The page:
There is an article at New Republic:
It’s a reasonably thoughtful piece. And it’s an important topic. But something about this kind of writing seems strange. Let me try to briefly explain.
We live in a Puritan society. Oddly or not, prurient is the shadow of Puritanism. We are obsessed with sexuality. Even our obsession with innocence is sexualized.
The article has a tinge of the prurient about it. Something about it comes off as the author fantasizing about other people’s fantasies. That is how it seems to me, for some reason.
There is a connection between Protestantism and the idealization of childhood. In traditional cultures of the past, the moment a boy or girl was capable of having sex, they had sex. And the moment they had sex, they likely not too long later had children. There wasn’t this notion that young people should wait to have careers or even get married.
You still see more of this attitude in Catholic countries. Southern Europe was more influenced by the Catholic Church and the Mediterranean culture it embodied. Unsurprisingly, Catholic countries have lower sexual ages of consent. It’s expected that people have sex, get pregnant, and then hopefully are married. There is no Protestant concept of most people resisting the sin of sexuality.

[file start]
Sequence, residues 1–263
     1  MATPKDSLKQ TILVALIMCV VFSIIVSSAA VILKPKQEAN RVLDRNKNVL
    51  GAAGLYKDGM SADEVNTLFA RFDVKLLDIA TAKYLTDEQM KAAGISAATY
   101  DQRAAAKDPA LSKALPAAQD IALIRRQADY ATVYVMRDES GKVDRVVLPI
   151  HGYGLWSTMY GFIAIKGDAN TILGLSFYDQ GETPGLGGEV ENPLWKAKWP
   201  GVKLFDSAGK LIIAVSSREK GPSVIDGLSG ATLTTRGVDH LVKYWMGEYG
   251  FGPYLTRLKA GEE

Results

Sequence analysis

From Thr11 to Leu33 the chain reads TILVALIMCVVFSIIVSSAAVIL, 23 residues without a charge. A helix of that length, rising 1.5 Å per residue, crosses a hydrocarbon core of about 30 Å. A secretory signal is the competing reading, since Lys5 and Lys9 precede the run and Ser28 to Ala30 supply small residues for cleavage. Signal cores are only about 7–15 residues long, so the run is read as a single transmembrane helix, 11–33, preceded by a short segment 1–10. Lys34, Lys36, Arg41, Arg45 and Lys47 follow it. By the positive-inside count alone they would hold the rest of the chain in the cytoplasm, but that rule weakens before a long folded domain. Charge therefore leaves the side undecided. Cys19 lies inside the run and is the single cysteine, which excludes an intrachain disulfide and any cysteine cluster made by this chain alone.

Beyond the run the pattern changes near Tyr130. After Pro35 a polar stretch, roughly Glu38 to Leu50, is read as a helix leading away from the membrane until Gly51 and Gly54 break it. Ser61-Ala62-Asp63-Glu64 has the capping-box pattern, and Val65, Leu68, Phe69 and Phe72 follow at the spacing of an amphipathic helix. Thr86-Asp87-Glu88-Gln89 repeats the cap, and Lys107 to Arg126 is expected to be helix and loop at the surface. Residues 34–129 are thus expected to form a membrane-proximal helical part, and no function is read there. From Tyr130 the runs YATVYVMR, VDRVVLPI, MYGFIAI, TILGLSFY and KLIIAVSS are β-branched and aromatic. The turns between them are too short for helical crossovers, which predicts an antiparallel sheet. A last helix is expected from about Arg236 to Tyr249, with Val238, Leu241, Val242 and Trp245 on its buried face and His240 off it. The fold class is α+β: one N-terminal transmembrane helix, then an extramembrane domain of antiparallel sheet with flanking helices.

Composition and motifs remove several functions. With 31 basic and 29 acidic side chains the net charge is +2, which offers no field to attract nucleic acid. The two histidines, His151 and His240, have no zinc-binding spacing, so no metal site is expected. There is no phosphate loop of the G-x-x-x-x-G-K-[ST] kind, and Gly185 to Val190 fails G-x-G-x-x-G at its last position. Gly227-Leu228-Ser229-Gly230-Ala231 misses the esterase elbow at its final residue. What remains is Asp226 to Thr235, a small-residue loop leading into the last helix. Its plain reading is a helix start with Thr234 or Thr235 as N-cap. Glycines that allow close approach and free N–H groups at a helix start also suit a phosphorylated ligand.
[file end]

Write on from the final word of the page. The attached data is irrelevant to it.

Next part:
Protestant societies seem much more repressed about sexuality. And repression leads to sexual deviancy. That is even a problem for Catholic priests, the only Catholics expected to fully repress their sexuality.
This relates to the weird genre of virginity porn, the fantasizing about young people not having sex. A popular example is the Twilight series. It was written by a Mormon and it should be noted that Mormons originally came from Puritan country, i.e., New England.
This was the culture that Vladimir Nabokov was writing about in Lolita. The novel is an anthropological study. It’s not just about sexuality of dirty old men. The entire society is implicated.